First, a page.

The market for “big data” and related business analytics services is set to grow beyond $200 billion by 2020, according at least one estimate. With so much invested in data, marketers expect and want the best ROI. It turns out that location data provide a key to unlocking much of this value, according to a recent Forbes Insights report, The Power of Place, developed in association with Pitney Bowes.
Matching consumer data contextually to physical locations allows marketers to enrich, analyze and visualize business data in powerful use cases. Marketers can create new location-based segments to help develop marketing campaigns that drive higher ROI than campaigns not leveraging such location data.
According to the report, the wealth of location data is a rapidly growing and valuable asset as the “location infrastructure” continues to expand. Consumer location signals captured in big data platforms arise from GPS, RFID, beacons, cell towers, and WiFi networks have been at the heart of this location infrastructure. But as the Internet of Things (IoT) that consumers touch grows, so too do new sources of location data from IoT entities like connected cars, home refrigerator, and home AI assistants like Amazon Alexa and Google Home.
How does this work? Forbes’ chief insights officer, Bruce Rogers, helped produce the report and told BIA/Kelsey why location data adds so much value for marketers trying to separate signal from noise in all these data. Rogers advises that, “The location infrastructure in place today generates a variety of local intelligence signals that can contextualize other data to empower deeper consumer understanding and profiling by marketers. These insights, combined with data-driven audience buying platforms, allow marketers to optimize local media investment and activation. This is a game changer for location-based marketing.” Rogers speaks at BIA/Kelsey events and also works with BIA/Kelsey as an executive industry adviser.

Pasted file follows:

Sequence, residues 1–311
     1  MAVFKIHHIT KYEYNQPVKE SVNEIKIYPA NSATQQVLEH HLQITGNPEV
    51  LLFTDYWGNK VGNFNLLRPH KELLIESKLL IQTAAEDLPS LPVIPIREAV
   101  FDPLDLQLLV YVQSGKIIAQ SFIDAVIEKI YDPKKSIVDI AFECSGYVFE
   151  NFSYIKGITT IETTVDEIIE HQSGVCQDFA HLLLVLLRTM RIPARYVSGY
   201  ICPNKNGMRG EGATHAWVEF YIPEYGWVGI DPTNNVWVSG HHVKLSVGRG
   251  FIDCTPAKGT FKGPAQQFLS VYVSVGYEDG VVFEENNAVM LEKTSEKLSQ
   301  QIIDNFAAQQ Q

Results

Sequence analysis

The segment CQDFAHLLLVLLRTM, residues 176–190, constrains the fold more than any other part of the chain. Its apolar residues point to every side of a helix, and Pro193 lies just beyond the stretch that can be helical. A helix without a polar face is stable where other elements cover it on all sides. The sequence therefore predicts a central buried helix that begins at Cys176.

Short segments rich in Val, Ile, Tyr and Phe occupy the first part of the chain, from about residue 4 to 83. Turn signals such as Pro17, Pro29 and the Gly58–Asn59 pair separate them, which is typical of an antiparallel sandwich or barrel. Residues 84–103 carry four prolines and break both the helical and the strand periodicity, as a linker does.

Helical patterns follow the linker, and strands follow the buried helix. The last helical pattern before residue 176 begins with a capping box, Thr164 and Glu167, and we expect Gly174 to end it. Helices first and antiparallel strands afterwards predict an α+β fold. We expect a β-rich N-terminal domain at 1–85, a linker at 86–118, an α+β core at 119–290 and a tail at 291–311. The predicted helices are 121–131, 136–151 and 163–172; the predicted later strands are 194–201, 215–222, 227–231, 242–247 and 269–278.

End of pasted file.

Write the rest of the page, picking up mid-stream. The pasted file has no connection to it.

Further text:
The Forbes report cites Bill Borrelle, Pitney Bowes’ SVP brand strategy and integrated marketing who speaks to what he calls the “Where Factor.” Borrelle observes that marketers have long relied on data to provide insights into the Who, What and When of their consumers. But the Where Factor very much ties the other three types of data in valuable ways. Borrelle develops this thesis in a recent Ad Week piece where argues for marketers to collect and use location data.
Data management platform providers assemble data that can range into the tens of thousands of fields of attributes. Marketers and media firms use these data matched with their own first-party data to developing new consumer segments built on how location data provides new insights into consumer attitudes, intent and behavior. Essentially, marketers benefit from location data as a new set of eyes to look for signals in what might otherwise be noise to build meaningful segment strategies.
This “new set of eyes” offers marketers a path to insight and competitive differentiation. Pitney Bowes’ managing director Nigel Lester argues, “The real strength of location data is that it becomes the common link between seemingly disconnected silos of business data.” Indeed, one of the report’s final recommendations is for businesses to “start thinking spatially.” By analyzing how place and location matter to your business, businesses can design better user experiences and create more effective marketing campaigns keyed to location-specific attitudes and behaviors.